British authorities have banned a physics teacher from the classroom for life after he flew to Bangladesh to marry a 13-year-old girl in 2006, media reports said on Wednesday.
Joshim Nur was 22 when he began teaching at the London Nautical School, Lambeth, in 2006, a teaching disciplinary panel heard.
Nur, now 34, claimed he thought the girl was 18 but a written statement from the girl showed she had told him her age before the arranged marriage.
He also had a sexual relationship with the child, the panel heard.
He flew to Bangladesh during a summer break and returned to the UK with the girl, named by the panel as Child A.
In evidence, the girl told a Teaching Regulation Agency panel that sexual activity started shortly after her marriage to Nur in the summer of 2006.
She also confirmed that she was taken to an appointment at a family planning clinic in 2007 and that she took contraceptive pills every day.
The panel ruled that the Nur had a relationship with the girl from August 2006 to April 2009 in "circumstances when he should have known she was under the age of 16".
Three days before the wedding, the girl had written to Nur to tell him she was 13 and in year 8 at school, the panel heard, the BBC reported.
In written evidence, Nur said that he was '"deceived" by the girl's family as to his wife's age when they wed.
Panel chairman Dr Robert Cawley said: "The panel did not find it plausible that Mr Nur could have mistaken a 13-year-old child for an 18-year-old, and that this misconception continued over a four-year period”.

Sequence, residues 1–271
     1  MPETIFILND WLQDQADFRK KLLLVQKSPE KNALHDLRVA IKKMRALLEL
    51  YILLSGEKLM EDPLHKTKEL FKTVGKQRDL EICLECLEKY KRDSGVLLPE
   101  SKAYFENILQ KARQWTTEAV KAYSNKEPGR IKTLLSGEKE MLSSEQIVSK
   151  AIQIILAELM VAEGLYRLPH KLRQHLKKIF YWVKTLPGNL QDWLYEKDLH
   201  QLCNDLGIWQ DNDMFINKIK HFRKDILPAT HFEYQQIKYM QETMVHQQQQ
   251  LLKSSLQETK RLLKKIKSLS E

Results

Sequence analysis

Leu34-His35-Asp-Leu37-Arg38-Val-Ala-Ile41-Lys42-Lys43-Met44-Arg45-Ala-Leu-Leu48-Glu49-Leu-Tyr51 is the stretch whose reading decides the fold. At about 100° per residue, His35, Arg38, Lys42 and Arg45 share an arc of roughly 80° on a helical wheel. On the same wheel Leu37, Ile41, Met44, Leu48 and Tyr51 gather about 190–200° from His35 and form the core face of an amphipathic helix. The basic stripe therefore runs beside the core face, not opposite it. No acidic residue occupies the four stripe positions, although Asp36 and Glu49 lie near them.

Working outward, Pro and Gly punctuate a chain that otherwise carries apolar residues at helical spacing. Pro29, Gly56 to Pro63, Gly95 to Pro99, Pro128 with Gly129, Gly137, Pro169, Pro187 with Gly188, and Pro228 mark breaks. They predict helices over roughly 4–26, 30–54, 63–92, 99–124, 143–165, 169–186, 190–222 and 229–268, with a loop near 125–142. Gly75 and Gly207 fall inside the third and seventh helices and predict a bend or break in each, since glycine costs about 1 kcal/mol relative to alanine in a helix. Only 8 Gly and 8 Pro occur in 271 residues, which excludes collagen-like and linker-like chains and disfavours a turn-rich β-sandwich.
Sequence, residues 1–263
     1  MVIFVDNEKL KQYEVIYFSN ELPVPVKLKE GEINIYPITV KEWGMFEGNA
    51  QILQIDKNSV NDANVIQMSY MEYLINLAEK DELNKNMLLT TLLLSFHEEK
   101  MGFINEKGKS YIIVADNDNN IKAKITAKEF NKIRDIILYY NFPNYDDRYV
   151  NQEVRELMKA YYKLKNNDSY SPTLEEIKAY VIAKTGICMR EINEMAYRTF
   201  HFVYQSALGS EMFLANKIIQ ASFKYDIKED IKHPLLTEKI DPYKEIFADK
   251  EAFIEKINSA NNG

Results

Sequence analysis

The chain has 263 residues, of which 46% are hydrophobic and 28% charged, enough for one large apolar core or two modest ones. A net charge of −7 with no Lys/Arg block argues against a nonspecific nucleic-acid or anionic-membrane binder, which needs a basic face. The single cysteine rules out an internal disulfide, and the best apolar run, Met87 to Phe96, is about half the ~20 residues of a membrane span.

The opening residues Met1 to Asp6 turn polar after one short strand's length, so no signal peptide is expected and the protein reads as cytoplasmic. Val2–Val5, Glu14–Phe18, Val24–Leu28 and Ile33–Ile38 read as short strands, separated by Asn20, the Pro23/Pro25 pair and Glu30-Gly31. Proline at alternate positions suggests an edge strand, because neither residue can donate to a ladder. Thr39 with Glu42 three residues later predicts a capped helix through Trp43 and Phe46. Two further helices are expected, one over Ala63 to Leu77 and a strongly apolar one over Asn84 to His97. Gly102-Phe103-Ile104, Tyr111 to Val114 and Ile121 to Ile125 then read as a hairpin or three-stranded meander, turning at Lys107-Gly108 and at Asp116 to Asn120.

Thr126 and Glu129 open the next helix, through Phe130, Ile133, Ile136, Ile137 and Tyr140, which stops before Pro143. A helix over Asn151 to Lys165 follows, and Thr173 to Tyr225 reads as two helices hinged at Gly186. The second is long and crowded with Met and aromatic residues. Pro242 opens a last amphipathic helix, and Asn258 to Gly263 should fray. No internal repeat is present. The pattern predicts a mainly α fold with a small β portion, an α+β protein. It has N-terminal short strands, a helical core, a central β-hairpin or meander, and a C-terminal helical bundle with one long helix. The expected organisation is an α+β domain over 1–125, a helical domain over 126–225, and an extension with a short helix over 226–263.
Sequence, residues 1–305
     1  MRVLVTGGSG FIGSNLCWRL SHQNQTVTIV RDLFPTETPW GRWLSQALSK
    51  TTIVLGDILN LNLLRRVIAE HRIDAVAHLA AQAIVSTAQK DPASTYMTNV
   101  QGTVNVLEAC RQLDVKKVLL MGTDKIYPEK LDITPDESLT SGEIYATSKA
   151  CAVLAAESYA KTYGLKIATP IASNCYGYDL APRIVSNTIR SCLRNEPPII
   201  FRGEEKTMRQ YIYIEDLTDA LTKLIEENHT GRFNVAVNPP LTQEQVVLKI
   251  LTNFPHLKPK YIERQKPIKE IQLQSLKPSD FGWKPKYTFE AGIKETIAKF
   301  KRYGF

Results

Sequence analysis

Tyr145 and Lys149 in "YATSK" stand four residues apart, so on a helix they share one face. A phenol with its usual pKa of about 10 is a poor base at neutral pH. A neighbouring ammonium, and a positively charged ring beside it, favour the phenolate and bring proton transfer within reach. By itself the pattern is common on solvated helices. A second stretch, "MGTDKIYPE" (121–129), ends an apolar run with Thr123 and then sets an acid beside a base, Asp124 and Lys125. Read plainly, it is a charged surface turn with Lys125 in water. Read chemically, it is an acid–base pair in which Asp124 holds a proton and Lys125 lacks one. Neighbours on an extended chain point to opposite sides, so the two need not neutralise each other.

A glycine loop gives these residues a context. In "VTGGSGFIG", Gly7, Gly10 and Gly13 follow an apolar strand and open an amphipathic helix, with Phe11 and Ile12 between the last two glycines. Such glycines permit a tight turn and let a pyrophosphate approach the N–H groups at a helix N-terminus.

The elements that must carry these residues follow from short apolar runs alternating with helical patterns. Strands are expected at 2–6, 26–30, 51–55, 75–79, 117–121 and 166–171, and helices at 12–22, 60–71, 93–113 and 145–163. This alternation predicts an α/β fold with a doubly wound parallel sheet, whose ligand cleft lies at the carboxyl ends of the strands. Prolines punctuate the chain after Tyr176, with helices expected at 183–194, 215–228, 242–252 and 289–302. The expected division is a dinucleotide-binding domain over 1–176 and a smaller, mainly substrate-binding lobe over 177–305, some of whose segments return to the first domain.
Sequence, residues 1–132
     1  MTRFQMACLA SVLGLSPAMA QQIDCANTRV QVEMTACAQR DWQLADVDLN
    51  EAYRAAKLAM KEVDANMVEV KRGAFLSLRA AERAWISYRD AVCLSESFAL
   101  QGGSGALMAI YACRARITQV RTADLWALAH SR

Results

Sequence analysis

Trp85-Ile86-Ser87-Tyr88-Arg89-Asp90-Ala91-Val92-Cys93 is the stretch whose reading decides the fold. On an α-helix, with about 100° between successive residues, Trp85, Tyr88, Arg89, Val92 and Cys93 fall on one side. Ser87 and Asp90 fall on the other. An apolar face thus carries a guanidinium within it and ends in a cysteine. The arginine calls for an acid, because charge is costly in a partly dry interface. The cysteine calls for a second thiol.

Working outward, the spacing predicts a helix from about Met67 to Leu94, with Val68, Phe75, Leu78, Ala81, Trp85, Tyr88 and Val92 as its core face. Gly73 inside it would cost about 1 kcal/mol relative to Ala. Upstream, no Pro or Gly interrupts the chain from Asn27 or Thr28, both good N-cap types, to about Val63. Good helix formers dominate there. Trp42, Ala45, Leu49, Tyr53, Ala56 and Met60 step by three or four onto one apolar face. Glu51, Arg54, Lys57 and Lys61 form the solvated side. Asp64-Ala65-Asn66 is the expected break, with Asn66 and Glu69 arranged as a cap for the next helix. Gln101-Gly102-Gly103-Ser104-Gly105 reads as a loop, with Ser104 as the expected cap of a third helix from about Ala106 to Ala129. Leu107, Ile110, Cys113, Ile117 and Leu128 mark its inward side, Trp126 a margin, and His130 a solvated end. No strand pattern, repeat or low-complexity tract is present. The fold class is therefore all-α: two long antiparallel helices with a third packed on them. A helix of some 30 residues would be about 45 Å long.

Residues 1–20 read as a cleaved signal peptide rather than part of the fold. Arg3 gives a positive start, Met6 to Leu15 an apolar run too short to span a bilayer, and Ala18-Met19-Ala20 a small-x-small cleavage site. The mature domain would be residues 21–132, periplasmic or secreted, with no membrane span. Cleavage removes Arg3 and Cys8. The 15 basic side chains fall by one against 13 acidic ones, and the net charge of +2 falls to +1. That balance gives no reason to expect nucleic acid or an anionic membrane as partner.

"The panel was particularly concerned in light of the fact that he worked in a secondary school and had daily interactions with children of this age." Nur was found guilty of engaging in a relationship with the child and of having sex on more than one occasion when she was under 16 - charges he denied.
The relationship ended in 2009, when the girl was 16.
Nur's headteacher told the panel he was a "good teacher" and a "gifted and valued member of staff".
The ruling branded Nur's behaviour as lacking "any insight into his actions or their impact on Child A". Decision maker Alan Meyrick said: "In my judgement, the lack of insight means that there is some risk of the repetition of this behaviour." He then prohibited Nur from teaching indefinitely and said he shall not be entitled to apply for restoration of his eligibility to teach.
Nur is not being prosecuted as the marriage took place abroad, not under the UK jurisdiction, the Daily Express reported.